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Environment

Vandalism Prompts Officials To Consider Hanging Lake Shuttle

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White River National Forest
In June 2017, volunteers discovered fresh graffiti on multiple rocks, trees and trail infrastructure up and down the Hanging Lake Trail. The investigation is ongoing.

An activewear company will be supporting a public outreach campaign after paying over $300 in fines for breaking the rules at Hanging Lake in Western Colorado.

The social media backlash was quick after Liquido Active, a Brazilian company, tweeted a picture of a photographer wading into the popular lake to take photos of models posing on the iconic log - both of which are prohibited. The company has since apologized and is working with the U.S. Forest Service on an outreach campaign so people better understand the rules at Hanging Lake.

“The log isn’t going to last much longer, if people keep walking on it,” said Aaron Mayville, acting ranger at the White River National Forest.

People walk right past the sign saying "Please Keep Off The Log" to stand on the downed tree that juts across the fragile ecosystem. For many, it's a must-have social media picture.

It wasn’t as much of a problem when it was just a few errant visitors. But the popularity of places like Hanging Lake -- in part driven by their fame on social media -- is degrading the rare travertine rock, the water quality and the infamous log.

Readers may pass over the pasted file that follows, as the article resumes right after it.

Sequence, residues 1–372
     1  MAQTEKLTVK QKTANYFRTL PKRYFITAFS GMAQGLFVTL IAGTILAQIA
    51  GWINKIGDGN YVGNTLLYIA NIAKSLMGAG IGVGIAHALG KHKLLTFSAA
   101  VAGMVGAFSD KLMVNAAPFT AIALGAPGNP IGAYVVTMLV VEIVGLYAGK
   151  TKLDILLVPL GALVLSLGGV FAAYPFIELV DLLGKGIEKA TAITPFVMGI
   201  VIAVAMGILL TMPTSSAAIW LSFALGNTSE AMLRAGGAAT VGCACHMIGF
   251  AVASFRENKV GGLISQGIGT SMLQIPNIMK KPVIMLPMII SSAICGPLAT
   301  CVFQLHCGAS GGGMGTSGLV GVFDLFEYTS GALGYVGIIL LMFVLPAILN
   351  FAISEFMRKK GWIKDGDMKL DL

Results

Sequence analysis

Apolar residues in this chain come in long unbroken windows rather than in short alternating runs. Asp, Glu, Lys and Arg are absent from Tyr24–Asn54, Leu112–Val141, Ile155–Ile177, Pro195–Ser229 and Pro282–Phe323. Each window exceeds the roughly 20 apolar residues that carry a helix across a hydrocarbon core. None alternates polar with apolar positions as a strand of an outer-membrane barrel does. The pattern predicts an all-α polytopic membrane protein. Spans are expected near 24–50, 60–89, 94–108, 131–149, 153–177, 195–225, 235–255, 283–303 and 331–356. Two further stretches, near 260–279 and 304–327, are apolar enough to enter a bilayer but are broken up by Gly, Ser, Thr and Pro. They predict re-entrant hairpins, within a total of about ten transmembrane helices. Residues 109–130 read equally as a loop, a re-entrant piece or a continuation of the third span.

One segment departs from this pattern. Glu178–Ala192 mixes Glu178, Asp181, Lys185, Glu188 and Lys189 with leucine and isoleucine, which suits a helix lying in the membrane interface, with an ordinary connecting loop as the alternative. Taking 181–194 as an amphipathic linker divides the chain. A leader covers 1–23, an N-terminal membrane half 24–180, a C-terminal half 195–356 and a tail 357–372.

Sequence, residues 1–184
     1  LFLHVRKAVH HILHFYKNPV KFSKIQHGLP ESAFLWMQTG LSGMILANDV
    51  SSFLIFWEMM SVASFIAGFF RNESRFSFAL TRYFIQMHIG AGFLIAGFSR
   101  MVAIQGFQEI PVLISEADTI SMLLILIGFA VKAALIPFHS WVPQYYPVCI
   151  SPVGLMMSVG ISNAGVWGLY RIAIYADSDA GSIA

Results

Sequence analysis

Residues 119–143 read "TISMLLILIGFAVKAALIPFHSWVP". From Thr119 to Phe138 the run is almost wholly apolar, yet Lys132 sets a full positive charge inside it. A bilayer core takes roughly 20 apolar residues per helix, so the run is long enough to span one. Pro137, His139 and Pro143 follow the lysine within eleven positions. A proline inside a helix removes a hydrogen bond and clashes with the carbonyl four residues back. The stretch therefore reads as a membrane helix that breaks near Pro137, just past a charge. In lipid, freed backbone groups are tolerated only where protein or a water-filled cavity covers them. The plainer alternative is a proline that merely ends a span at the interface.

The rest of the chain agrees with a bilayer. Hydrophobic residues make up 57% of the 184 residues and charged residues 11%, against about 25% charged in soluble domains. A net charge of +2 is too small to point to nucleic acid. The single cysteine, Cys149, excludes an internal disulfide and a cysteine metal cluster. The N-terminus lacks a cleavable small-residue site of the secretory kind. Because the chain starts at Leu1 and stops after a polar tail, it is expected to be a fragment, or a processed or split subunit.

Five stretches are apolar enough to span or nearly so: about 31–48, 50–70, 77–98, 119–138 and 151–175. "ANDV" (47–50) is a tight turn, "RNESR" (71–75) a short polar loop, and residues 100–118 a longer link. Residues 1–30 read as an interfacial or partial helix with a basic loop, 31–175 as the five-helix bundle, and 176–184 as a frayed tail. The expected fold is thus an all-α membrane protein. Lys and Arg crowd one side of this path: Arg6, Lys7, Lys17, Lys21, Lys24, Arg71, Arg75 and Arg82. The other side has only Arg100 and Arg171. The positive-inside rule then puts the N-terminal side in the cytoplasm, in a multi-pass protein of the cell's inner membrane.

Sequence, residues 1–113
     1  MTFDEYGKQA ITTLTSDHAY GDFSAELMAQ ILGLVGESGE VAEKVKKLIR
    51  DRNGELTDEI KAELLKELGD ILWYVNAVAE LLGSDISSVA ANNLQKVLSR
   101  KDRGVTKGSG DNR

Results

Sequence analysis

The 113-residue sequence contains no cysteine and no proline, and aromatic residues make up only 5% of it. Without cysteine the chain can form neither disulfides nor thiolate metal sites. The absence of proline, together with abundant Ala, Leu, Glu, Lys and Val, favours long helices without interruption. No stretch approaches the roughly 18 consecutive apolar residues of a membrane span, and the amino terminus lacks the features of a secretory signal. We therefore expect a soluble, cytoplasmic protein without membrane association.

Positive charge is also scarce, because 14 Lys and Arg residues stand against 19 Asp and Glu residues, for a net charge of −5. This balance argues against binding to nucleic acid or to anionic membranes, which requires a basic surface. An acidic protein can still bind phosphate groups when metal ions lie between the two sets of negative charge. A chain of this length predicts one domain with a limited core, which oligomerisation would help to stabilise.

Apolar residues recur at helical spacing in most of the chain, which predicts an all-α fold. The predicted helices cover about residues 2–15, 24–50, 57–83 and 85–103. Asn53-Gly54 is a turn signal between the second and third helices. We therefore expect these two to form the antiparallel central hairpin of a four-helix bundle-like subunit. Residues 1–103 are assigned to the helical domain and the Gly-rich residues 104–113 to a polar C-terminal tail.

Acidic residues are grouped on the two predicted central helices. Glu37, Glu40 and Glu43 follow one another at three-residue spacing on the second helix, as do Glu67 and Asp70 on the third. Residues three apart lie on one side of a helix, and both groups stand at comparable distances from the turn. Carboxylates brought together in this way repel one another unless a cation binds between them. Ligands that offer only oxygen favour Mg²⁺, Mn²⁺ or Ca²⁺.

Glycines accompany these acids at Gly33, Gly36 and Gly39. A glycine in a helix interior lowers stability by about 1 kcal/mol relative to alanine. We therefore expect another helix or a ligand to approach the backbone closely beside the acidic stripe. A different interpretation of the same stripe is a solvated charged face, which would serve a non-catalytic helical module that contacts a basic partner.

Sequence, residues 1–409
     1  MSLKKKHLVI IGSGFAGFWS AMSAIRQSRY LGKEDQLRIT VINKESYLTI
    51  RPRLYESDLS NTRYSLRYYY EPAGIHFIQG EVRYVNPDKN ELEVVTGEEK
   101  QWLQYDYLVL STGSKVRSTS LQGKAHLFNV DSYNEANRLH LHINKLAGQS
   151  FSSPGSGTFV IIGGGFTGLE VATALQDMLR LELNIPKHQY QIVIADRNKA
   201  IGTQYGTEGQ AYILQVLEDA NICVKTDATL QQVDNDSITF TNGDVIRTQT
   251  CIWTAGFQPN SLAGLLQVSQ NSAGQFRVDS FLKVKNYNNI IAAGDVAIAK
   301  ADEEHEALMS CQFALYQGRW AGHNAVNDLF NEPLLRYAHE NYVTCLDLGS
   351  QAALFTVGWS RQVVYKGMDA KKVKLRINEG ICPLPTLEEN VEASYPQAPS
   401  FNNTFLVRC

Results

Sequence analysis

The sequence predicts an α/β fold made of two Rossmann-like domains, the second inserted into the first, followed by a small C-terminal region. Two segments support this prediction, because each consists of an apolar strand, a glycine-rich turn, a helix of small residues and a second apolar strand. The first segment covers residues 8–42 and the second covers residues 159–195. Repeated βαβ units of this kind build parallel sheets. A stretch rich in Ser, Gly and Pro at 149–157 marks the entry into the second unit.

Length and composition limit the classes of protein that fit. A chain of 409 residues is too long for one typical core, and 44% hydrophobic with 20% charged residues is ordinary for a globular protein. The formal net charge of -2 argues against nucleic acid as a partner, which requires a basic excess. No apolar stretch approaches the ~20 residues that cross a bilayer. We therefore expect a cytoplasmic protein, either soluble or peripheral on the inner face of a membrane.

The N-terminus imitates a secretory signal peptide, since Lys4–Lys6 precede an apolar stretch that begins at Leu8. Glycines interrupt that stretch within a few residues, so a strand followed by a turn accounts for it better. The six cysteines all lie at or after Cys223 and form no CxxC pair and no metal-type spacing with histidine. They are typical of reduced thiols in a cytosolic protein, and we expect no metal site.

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Credit White River National Forest
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White River National Forest
Hanging Lake is a National Natural Landmark (dedicated by the Park Service in 2011), and is one of the unique examples within the southern Rocky Mountains of a lake formed by travertine deposition.

“With that number of people, you increase the number of people breaking the rules like jumping in the lake, walking out on (the) log. Even though it’s not allowed, it’s really popular,” Mayville said.  

Hanging Lake is an economic driver for nearby Glenwood Springs and Garfield County, making protecting it while keeping it accessible a delicate balancing act.

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Credit White River National Forest
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White River National Forest

It’s so crowded at the lake that fist fights break out in the parking lot when frustrated drivers find it full, Mayville said. People park illegally and sometimes even back up onto I-70, causing traffic and safety problems. The U.S. Forest Service can only afford staff at the lake during the peak summer months.

“And that staff presence is really a good way to keep people in line,” Mayville said. “We write citations for infractions, we can educate people as to what they are looking at the lake, and really just keep the lid on the boiling pot.”

In April vandals spray painted graffiti on rocks and trees along the trail, causing over $5,000 of damage. According to Mayville that investigation is ongoing. In July officials will unveil a new management plan for public comment -- which could include a shuttle and tickets.

“There is this recognition that Hanging Lake is such a treasure,” Mayville said. “Throughout this whole management plan we have been really heartened to see that the overwhelming majority of interest and people who come to visit has been positive.” 

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